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Name and shame double standards

IF MARRIAGE is no longer for life, then partnering seems doomed to be an even shorter relationship.

The utopian dream of main and trade contractors working together in perfect harmony was always going to be a difficult one to pull-off.

Both sides made the right noises as the teachings of Latham and Egan were enthusiastically adopted by traditional adversaries.

Now the whole system seems to be coming apart at the seams as the two strands of construction operate in parallel universes.

In the perfect world, main contractors chose the best value subbies, and jobs are carried out in a spirit of cooperation and trust.

But in the real world, lowest price is still king and main contractors count the pounds before paying little more than lip service to the partnering concept.

Egan-inspired workshops, seminars and conferences are all well and good. But a few speeches and a decent lunch does little for the subbies who are still being screwed for every penny.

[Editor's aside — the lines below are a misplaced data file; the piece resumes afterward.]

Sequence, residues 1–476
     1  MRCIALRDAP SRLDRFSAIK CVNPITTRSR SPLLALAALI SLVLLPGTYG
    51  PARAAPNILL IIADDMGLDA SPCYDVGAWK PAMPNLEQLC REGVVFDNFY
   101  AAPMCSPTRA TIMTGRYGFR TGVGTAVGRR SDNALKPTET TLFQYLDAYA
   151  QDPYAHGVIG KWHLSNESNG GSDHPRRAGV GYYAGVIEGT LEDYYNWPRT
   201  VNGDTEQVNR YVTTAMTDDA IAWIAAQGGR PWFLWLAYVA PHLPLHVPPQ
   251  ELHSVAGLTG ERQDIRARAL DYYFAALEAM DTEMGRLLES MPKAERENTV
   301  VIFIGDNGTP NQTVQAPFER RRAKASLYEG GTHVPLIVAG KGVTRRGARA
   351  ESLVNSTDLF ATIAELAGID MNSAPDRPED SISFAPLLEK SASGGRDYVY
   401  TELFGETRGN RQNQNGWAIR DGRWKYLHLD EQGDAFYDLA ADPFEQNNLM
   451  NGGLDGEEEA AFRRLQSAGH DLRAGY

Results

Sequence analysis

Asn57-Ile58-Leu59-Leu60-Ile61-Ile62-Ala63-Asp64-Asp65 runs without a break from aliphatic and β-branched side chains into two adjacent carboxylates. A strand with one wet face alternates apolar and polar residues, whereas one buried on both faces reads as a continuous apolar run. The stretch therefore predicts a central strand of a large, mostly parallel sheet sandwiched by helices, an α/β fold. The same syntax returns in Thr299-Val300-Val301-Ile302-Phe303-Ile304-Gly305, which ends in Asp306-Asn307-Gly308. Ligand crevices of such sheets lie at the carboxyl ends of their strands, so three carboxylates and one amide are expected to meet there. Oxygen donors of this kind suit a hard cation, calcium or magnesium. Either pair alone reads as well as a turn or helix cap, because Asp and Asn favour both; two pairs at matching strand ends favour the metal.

John Doyle construction chairman Stef Stefanou went public last week describing major contractors as 'old dogs' unable to learn the new partnering tricks.

And his fears are backed up in a survey commissioned by Hills Electrical this week. It discovered that main contractors are still awarding jobs on price alone and highlighted how little has changed in the industry.

This is not designed as an attack on the principles of partnering - far from it.

Anyone who fails to back a system of increased cooperation in the industry needs their bumps felt.

But talking about change and achieving it are two very different things.

The whole Egan movement has created a band of theorists who are dedicated to the cause but are too far removed from the commercial realities of everyday life on site.

It is time to name-and-shame major contractors who preach co-operation then immediately revert to their bad old ways. And if the government or industry will not do that, we as a newspaper will have no hesitation in exposing firms' double standards.